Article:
Renault to make India export hub for EMs, source parts from domestic suppliers
Renault plans to capture 5% market share in India and will launch two new models in the next two fiscals
Paris: Encouraged by the success of the Kwid small car in South Africa and Latin America, Groupe Renault plans to make India an export hub for emerging markets (EMs) such as Africa, Middle East and Latin America.
Renault plans to source more than 95% of parts for its future products in India from domestic suppliers, especially in the mass market segment, said a senior company executive at the Paris motor show.
The strategy is part of Renault’s aim to sell its vehicles at competitive prices in its quest to double its market share in India to 5% by 2021 while also developing suitably-priced products for exports, the executive said on condition of anonymity.
The Kwid currently has a localization component of 96% though it is lower for other products such as the Duster sport-utility vehicle (SUV) and the Lodgy multipurpose vehicle.
The executive said India has the potential to become a exports hub since the Kwid has been a resounding success in markets like South Africa and in some South-East Asian nations.
“Apart from Kwid being a success in India, as a company, we are enthused by the demand in the emerging markets. Also, in continents like Africa and other emerging markets, the behaviour and choice of the local people are quite the same. In South Africa, the demand for Kwid is phenomenal and we should try to replicate the success in the future,” said the executive.
To achieve its goal of doubling the market share, the company plans to introduce two new mass market models over the next two fiscal years, said Sumit Sawhney, managing director of Renault India Pvt. Ltd.
He said the company will introduce innovative products in the future and the strategy is how the company can leverage the country as a hub for exports.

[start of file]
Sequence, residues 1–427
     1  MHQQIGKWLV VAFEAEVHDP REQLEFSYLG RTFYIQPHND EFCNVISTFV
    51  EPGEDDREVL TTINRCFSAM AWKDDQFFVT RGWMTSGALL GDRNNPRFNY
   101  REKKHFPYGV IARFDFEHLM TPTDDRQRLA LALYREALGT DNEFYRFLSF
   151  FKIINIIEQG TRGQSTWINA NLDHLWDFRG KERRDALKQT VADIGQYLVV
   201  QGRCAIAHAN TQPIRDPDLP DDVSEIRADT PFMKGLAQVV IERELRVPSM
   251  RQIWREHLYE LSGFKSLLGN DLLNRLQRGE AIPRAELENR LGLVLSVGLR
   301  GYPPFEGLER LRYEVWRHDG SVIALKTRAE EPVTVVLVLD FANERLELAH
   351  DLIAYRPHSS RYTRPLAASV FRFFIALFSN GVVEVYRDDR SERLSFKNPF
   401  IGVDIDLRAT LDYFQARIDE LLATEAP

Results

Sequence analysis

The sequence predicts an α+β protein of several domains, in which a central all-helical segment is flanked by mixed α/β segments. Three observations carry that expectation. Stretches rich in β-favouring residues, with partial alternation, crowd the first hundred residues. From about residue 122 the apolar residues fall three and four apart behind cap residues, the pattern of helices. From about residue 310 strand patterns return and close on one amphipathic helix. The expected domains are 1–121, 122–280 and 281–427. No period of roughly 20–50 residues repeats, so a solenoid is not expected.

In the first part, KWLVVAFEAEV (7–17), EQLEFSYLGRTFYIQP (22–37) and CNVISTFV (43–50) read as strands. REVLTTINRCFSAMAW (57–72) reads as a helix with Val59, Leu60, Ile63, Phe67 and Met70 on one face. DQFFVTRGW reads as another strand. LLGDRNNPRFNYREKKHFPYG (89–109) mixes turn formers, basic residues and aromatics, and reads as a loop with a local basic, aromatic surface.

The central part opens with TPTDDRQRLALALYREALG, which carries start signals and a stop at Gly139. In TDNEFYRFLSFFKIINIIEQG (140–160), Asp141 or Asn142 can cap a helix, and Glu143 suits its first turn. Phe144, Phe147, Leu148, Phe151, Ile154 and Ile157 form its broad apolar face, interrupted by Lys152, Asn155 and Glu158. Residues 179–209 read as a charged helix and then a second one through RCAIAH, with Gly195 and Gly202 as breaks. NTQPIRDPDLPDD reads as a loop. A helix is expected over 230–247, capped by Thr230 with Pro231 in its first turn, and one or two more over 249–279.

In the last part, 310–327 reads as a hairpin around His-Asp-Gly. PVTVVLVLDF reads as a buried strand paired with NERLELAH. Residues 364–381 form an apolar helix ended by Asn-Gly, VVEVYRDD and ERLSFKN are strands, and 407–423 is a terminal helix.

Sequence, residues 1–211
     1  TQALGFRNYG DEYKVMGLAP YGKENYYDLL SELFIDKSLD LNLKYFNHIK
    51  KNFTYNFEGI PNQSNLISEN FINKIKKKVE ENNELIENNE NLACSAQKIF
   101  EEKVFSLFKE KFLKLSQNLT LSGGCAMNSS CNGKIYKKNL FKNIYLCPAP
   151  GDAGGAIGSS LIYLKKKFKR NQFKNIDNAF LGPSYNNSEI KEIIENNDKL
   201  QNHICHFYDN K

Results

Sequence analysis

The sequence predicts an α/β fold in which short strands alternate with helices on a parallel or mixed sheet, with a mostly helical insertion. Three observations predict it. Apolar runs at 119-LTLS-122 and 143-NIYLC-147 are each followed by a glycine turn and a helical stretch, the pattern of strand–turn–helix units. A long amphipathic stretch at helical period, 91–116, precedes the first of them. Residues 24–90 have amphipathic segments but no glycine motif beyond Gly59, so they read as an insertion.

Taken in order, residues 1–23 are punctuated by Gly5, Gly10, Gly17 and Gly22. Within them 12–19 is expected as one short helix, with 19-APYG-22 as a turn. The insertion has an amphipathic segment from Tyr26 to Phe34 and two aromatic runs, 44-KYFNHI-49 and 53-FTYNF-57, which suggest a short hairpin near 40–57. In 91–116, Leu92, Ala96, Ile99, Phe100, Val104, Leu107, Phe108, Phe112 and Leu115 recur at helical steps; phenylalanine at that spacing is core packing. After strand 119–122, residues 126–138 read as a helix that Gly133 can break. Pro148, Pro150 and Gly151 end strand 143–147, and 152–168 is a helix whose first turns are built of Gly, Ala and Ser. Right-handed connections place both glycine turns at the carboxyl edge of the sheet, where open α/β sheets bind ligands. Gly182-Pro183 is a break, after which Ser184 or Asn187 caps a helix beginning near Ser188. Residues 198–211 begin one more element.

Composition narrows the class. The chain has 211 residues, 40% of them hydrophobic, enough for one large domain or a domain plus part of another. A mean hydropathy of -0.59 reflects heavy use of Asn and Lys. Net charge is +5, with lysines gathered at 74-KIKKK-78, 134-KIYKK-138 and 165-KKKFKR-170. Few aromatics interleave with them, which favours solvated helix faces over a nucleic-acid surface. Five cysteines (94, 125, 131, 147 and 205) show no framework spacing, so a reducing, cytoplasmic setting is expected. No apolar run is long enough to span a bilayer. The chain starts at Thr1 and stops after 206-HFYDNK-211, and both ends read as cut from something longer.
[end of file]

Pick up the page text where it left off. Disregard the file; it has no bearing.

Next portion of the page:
“With the emerging market products like Kwid being highly acceptable in Africa and Latin America, it is clear that these markets are very sensitive about price and cost of ownership,” said Sawhney.
In the domestic market, however, Renault has been witnessing a substantial decline in sales due to increasing competition from other manufacturers.
Also, sales of Kwid have weakened due to overall decline in sales of mini or small cars. In addition, demand for the new model, Captur, also remained subdued.
Sawhney said the company is still in a portfolio development mode and is trying to increase its vendor base.
“India strategy is very clear and it is a very important market, we started with only one design centre in India and now we have got two. We have probably the biggest engineering centre in India which may not be the case for a lot of other manufacturers. We used India to develop our supplier base,” said Sawhney.
“Kwid alone had more than 400 suppliers and now we are using India to export that car. Now we have new cars in the pipeline which will have strong focus on India. The next products will also have high localization and as long as you have 95% localization it is fine,” he said.
The writer is in Paris at the invitation of Renault India.
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